Speaking of pardons, in December I predicted that Tr—p would try to self-pardon but apparently he didn’t (nor pardon his kids, nor Giuliani, both of which I also expected). That is, unless there was a double secret dog dare pardon, as Lawrence O’Donnell has repeatedly speculated. We shall see, if and when Attorney General Merrick Garland’s Justice Department brings federal charges. 

Not sure that’s gonna play. “Oh, obstruction of justice? Sorry—I pardoned myself before I left office. Did I forget to mention that?” I doubt he’ll get five Supreme Court justices to sign off on that, though I am sure he will get two. (What does it say that the worst two SCOTUS justices aren’t even Tr–mp appointees?)


As the past four years of this blog will attest, I didn’t like the 45th president of the United States. But during his pathetic farewell at Andrews Air Force Base (I can’t bear to call it JBA), the disgraced soon-to-be private citizen did have one moment of vulnerability, and that very much shocked me. It was when, amid the rest of the ad libbed, characteristically megalomaniacal bullshit, he said almost wistfully, “I did my best.” (Or words to that effect. I don’t want to go back and watch it again to get it verbatim.)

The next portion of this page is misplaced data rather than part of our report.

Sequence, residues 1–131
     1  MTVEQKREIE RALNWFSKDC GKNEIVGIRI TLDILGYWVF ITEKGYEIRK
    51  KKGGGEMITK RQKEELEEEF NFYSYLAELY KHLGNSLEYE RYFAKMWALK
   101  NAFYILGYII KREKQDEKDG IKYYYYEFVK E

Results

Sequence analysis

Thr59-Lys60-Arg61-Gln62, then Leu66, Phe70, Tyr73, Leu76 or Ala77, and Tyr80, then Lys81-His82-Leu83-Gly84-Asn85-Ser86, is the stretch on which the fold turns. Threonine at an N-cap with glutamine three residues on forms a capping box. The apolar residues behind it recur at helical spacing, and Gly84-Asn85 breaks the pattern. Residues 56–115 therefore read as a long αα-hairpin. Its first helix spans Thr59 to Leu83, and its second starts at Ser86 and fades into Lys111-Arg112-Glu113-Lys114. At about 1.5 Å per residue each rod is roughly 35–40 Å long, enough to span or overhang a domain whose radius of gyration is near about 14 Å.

On one level, I was merely appalled. That was your best? Yikes.

But on another level, I did glimpse in him, for just a moment, a flicker of sadness. Not—without getting into a debate about free will—anything close to something that would excuse or forgive or even mitigate in any way his vast transgressions. But a moment of pathos nonetheless.

For truly he is a pathetic human being. How must it feel to have the whole world dance in the streets at your defeat? To have to beg or force your underlings to attend your grubby little goodbye, and then watch the bulk of the country, and the kind of A-list celebrities whose company you crave, mount a nationally televised party (with fireworks!) for your opponent. All this miserable excuse for a human being has wanted his whole life is that sort of love and affection, the kind of love that he never got from daddy. It’s ironic, n’est-ce pas?

Of course, the lesson is, if you want love and affection, don’t be a fucking monstrous, racist, misogynist, sadistic, piece of shit asshole.